Anticorruption Bibliography–March 2020 Update

Sorry for the delay in last month’s bibliography update! It’s been an unusual couple of weeks. But I’m happy to say that thanks to my tremendous administrative and library staff support, I’m able to keep the regular updates going, at least for now. The newest version of the anticorruption bibliography is now available on my faculty webpage. A direct link to the pdf of the full bibliography is here, and a list of the new sources added last month is here. As always, I welcome suggestions for other sources that are not yet included, including any papers GAB readers have written.

More Commentaries on Corruption and the Coronavirus Pandemic

Perhaps unsurprisingly, folks in the anticorruption community have started to generate a fair amount of commentary on the links between the coronavirus pandemic and corruption/anticorruption; these pieces approach the connection from various angles, including how corruption might have contributed to the outbreak and deficiencies in the response, the importance of ensuring adequate anticorruption safeguards in the various emergency measures being implemented to address both the public health crisis and the associated economic crisis, and concerns about the longer term impact on institutional integrity and checks and balances. Last week I posted links to four such commentaries. Since then, we’ve had two commentaries on the corruption-coronavirus relationship here on GAB (yesterday’s post from Sarah Steingrüber, and last week’s post from Shruti Shah and Alex Amico). Since then, I’ve come across some more, and I thought it would be useful to provide those additional links, and perhaps to try to start collecting in one place a list of commentaries on corruption and coronavirus. The new sources I’ve come across are as follows:

In case it’s helpful to readers, I may start to compile and regularly update a list of corruption-coronavirus resources. The ones I’ve got so far (including those noted above):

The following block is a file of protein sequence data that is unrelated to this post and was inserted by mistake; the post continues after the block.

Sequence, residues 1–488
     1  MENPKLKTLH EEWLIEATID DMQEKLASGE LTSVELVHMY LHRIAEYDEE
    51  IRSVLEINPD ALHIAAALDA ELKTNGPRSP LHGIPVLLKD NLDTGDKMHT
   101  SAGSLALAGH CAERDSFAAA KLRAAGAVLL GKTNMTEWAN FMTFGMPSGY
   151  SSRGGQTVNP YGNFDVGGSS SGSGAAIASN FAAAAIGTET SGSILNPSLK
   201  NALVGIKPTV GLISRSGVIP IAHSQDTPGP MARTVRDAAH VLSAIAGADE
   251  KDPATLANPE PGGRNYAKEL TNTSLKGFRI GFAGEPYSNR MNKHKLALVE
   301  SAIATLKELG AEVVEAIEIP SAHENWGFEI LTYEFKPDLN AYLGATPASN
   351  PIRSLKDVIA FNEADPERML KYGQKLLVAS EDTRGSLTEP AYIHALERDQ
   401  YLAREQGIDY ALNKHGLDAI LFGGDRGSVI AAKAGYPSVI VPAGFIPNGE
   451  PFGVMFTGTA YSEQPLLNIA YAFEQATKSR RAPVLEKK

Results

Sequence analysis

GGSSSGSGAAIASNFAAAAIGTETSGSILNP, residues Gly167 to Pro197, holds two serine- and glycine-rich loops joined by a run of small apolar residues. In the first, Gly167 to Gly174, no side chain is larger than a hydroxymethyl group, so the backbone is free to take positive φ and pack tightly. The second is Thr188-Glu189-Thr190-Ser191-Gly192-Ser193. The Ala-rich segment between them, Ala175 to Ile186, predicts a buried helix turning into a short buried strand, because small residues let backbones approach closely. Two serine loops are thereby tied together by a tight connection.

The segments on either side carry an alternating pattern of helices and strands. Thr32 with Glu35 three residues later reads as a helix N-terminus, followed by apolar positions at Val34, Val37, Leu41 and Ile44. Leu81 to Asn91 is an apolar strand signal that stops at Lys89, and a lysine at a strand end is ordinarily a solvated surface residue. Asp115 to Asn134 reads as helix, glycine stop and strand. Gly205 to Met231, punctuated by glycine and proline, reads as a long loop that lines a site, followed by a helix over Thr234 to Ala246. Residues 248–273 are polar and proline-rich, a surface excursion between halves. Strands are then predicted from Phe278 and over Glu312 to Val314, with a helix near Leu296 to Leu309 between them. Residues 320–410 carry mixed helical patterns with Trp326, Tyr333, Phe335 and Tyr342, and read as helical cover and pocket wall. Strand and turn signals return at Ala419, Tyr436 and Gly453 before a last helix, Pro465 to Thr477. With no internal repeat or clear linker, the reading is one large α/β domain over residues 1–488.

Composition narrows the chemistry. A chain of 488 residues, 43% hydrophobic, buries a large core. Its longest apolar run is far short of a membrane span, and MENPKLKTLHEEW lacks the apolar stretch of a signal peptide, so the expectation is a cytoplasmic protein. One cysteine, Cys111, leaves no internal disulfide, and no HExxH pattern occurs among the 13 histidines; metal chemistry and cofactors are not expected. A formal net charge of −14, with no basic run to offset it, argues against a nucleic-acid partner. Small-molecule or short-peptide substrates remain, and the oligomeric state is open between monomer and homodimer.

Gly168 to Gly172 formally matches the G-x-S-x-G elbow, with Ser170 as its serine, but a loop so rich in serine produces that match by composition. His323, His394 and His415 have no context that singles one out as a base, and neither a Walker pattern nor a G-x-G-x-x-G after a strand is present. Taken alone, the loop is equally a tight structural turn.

I’m sure there are more useful commentaries, and many more to come over the coming weeks. I’m not sure if I’ll be able to keep a comprehensive list, but I’ll do my best to provide links to the resources I’m aware of, so if you know of useful pieces on the corruption-coronavirus link, please send me a note.

Thanks everyone, and stay safe.

New Podcast, Featuring Mushtaq Khan and Paul Heywood

In all the chaos of last week’s COVID-19 developments, I neglected to announce that a new episode of KickBack: The Global Anticorruption Podcast is was published back on March 22. In this episode, the first in a two-part series, my collaborators Nils Köbis and Christopher Starke, sit down with Professor Mushtaq Khan and Professor Paul Heywood to discuss a variety of topics, including the complexities of the relationship between corruption and development and the “Anti-Corruption Evidence Programme” (ACE), an initiative sponsored by the UK’s Department for International Development (DFID) to strengthen the knowledge base for anticorruption initiatives. Professors Khan and Heywood are both ACE programme directors, and they describe the philosophy and core themes of the ACE project, and some of its work so far. The conversation also discusses more generally critiques of traditional approaches to anticorruption in developing countries, and alternative approaches and perspectives.